Ellul v. Christian Brothers, No. 11-1682-cv (2d Cir. Dec. 8, 2014) [click for opinion]

In a putative class action brought in federal court in New York under the Alien Tort Statute ("ATS"), 28 U.S.C. § 1350, Plaintiffs alleged that Defendants, religious organizations, participated in a "child migration" program in the aftermath of World War II that took plaintiffs as children from their families in Britain and Malta and forced them to work long hours without pay in Australia, where they were subjected to extreme physical and, in some cases, sexual abuse. Plaintiffs alleged that Defendants' actions constituted . . "violations of customary international law, including slavery and involuntary servitude, child trafficking, forced child labor, and cruel, inhuman, and degrading treatment or punishment."

The district court dismissed Plaintiffs' claims for lack of personal jurisdiction and, alternatively, because they were barred by the statute of limitations. Plaintiffs appealed to the Second Circuit. On appeal, Defendants argued for the first time that the Second Circuit's decision inKiobel v. Royal Dutch Petroleum Co., 621 F.3d 111 (2d Cir. 2010), holding that ATS claims for violations of customary international law could not be brought against corporations, barred Plaintiffs' ATS claims. After the parties submitted their briefs to the Second Circuit, the U.S. Supreme Court granted certiorari in Kiobel, heard oral argument, and ordered reargument on the issue of the extraterritoriality of the ATS. The Second Circuit subsequently heard oral argument in Ellul but then stayed its proceedings in light of the pending decision in Kiobel. In 2012, the Supreme Court issued its opinion in Kiobel v. Royal Dutch Petroleum Co., 132 S. Ct. 1738 (2012), holding that the ATS does not apply to extraterritorial conduct except where the 'claims touch and concern the territory of the United States' with 'sufficient force to displace the presumption against extraterritorial application.'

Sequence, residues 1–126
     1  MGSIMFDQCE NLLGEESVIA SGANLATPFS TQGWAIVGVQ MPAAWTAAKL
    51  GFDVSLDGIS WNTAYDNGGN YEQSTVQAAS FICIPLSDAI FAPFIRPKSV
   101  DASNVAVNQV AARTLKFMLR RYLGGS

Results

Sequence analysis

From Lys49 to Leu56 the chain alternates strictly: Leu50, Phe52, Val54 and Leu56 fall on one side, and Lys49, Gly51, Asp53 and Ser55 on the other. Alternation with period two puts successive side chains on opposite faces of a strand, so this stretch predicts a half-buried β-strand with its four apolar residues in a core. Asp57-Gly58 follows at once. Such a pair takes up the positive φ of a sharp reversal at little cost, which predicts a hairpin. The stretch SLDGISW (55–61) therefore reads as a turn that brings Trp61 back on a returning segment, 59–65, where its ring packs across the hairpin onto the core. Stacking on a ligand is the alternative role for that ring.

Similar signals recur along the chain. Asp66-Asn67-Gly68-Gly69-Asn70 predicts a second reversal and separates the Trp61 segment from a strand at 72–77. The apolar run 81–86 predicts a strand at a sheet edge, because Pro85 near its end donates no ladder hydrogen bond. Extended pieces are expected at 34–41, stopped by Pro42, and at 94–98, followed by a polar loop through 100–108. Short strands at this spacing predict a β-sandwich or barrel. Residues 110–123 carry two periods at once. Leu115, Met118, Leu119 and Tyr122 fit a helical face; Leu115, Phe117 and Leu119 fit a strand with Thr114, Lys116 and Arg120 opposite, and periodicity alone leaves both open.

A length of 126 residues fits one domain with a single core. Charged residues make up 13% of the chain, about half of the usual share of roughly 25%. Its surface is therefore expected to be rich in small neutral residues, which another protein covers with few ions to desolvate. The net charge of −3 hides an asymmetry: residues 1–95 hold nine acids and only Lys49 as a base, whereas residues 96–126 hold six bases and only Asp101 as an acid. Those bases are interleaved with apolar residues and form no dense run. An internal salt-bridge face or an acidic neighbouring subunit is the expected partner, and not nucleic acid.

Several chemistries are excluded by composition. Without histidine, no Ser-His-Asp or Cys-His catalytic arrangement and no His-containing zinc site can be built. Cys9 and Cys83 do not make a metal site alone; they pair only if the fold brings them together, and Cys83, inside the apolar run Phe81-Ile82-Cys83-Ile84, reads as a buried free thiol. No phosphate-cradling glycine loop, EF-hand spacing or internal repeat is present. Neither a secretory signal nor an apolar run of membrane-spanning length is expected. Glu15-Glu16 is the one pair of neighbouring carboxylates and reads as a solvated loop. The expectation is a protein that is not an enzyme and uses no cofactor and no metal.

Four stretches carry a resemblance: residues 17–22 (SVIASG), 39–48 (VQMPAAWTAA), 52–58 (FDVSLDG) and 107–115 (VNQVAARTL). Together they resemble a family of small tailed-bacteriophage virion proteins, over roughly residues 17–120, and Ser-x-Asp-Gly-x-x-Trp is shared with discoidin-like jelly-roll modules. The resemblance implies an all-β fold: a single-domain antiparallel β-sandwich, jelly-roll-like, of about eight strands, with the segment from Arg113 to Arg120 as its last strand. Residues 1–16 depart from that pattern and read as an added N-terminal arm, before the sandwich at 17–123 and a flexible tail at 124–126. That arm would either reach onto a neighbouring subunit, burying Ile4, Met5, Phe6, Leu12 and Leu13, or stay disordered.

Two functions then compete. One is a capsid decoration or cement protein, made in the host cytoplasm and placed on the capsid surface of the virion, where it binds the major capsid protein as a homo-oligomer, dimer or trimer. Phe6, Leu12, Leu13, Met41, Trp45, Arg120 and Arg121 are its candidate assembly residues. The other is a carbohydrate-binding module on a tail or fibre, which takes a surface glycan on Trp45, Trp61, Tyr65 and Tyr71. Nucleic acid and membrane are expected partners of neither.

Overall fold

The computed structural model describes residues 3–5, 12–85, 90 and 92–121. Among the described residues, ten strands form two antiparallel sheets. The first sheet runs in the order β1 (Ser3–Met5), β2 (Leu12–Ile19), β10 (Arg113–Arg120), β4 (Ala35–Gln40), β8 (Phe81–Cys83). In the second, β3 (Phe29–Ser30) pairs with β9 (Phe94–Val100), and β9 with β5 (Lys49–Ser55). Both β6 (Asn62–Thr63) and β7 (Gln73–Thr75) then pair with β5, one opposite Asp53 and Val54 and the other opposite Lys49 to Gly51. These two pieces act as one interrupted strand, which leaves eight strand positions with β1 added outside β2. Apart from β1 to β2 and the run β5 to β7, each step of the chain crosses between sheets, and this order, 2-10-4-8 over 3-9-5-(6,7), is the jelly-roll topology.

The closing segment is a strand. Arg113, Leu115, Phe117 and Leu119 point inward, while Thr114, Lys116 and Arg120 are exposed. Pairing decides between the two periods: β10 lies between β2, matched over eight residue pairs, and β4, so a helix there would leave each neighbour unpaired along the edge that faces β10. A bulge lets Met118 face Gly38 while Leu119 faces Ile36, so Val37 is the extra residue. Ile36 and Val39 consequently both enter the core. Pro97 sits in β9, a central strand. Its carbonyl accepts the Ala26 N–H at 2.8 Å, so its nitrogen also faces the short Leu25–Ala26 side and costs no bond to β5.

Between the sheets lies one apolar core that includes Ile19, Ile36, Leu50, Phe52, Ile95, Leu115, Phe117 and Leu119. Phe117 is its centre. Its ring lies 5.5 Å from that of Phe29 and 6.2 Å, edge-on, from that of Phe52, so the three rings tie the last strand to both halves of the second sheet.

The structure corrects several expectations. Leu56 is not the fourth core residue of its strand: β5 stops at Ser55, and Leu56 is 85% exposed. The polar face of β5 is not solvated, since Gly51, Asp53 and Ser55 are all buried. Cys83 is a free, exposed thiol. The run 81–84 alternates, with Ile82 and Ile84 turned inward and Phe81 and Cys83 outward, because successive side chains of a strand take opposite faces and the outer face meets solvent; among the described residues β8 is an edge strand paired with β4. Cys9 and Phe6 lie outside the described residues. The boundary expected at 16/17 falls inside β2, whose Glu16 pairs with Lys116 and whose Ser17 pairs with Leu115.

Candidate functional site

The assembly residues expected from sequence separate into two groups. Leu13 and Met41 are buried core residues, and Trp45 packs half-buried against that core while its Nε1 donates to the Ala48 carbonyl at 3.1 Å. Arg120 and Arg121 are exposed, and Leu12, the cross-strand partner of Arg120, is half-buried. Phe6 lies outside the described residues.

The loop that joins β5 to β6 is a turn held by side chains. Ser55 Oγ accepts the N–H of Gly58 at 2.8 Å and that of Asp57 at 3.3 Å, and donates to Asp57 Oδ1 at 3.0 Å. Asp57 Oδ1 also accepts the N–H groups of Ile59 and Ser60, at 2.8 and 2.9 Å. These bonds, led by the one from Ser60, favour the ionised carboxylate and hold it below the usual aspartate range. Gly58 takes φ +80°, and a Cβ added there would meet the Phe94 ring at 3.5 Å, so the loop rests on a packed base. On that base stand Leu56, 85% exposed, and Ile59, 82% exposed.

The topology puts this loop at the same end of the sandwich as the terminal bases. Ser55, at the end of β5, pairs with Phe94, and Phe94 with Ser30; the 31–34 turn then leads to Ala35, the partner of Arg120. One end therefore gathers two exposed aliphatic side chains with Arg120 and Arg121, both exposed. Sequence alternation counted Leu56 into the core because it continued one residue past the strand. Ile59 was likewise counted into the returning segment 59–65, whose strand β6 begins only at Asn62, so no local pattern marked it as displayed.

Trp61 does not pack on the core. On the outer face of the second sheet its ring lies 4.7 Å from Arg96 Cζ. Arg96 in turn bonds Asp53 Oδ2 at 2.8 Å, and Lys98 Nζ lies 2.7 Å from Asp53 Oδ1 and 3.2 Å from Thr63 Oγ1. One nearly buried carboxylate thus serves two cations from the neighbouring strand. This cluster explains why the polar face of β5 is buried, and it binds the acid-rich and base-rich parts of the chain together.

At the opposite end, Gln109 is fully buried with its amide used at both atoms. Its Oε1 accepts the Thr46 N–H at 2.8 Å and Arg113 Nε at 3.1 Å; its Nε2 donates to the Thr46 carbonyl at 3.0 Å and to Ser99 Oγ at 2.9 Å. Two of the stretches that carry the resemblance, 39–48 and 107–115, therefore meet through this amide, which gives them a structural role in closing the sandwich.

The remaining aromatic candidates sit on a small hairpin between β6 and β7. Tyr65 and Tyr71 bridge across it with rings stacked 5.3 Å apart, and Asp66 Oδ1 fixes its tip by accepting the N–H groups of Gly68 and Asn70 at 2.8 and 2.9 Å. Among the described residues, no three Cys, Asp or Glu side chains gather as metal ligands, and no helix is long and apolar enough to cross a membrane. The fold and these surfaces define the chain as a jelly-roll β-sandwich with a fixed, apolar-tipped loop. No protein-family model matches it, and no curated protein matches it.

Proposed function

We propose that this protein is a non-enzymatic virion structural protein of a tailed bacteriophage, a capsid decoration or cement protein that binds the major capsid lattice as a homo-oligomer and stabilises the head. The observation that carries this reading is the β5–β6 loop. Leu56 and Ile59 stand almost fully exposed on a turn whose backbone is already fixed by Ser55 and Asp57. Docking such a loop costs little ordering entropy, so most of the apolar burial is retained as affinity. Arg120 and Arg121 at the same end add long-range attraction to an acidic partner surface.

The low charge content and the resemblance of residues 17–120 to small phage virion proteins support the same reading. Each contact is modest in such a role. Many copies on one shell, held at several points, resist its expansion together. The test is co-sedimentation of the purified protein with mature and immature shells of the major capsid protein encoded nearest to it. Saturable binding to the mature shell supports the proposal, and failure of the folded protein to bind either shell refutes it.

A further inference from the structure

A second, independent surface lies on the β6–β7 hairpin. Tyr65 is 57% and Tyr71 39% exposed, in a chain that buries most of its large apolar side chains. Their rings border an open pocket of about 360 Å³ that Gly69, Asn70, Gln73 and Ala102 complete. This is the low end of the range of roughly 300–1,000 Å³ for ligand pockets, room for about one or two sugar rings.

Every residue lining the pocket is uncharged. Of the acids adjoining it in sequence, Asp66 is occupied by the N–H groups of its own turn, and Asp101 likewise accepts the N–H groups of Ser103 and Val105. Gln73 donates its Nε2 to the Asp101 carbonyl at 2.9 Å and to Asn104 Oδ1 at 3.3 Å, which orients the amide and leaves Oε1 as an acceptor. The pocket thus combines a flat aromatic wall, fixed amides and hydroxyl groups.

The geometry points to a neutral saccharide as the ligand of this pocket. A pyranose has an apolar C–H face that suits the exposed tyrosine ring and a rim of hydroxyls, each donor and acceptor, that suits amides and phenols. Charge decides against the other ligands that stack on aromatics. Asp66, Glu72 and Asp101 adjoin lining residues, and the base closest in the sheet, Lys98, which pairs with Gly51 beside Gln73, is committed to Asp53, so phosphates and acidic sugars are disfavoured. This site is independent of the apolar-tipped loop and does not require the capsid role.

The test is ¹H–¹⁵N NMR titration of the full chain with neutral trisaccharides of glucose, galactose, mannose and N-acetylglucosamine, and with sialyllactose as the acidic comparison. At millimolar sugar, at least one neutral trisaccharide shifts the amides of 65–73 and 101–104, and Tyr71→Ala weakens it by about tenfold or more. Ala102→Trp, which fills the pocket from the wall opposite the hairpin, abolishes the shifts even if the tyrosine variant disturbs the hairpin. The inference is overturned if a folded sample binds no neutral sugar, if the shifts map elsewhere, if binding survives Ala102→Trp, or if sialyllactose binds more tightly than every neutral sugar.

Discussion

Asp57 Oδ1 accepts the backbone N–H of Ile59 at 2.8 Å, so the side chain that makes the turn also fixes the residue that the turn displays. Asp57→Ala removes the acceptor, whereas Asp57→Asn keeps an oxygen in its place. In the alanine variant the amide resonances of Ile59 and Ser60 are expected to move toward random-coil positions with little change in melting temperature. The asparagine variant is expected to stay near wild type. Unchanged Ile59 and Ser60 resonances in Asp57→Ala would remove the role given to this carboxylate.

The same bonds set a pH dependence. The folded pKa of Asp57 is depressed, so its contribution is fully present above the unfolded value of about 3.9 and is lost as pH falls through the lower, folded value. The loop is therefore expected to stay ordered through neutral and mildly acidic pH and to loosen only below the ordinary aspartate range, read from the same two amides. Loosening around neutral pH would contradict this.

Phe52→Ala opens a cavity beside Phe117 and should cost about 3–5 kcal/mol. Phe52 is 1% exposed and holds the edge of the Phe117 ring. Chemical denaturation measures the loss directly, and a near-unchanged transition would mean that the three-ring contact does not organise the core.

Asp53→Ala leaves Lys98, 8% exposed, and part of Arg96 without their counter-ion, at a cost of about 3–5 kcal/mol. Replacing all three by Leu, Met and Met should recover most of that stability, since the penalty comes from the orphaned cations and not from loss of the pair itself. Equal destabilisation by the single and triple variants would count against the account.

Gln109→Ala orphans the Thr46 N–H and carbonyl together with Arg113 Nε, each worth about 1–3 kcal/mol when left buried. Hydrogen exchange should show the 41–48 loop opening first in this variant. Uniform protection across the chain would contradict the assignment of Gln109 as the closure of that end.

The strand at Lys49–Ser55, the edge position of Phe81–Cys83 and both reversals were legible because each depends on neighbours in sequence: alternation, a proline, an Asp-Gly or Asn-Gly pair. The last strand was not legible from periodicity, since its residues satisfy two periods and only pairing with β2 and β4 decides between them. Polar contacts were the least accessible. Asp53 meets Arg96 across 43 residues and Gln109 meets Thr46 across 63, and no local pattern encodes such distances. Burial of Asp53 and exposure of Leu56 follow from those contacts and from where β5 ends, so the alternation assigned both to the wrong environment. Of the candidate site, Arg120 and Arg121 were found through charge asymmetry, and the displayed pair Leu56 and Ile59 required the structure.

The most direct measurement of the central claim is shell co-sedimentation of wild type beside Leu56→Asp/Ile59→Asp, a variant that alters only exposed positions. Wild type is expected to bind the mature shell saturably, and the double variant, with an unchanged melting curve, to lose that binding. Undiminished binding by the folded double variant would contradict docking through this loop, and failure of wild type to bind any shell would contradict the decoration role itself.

In supplemental briefing on the impact of the Supreme Court's Kiobeldecision, Plaintiffs' argued that some of their claims survived Kiobelbecause they "touch[ed] and concern[ed]" the territory of the United States by virtue of Defendants' substantial presence in the United States when they committed the alleged wrongs. The Second Circuit found, however, that Kiobel rejected the notion that a defendant's mere presence in the United States is sufficient to displace the presumption against extraterritoriality. Accordingly, it found that the Plaintiffs could not bring their claims for violations of international law predicated upon conduct that occurred in Australia.

The Second Circuit also affirmed the district court's dismissal of Plaintiffs' human trafficking claims under the ATS. Plaintiffs alleged that the trafficking acts were transnational, occurring in several jurisdictions and on the high seas, and therefore human trafficking falls outside the presumption against extraterritoriality of the ATS. The court did not reach this issue, as it found that the statute of limitations barred Plaintiffs' human trafficking claims.

Michael Bloom of the Chicago office contributed to this summary.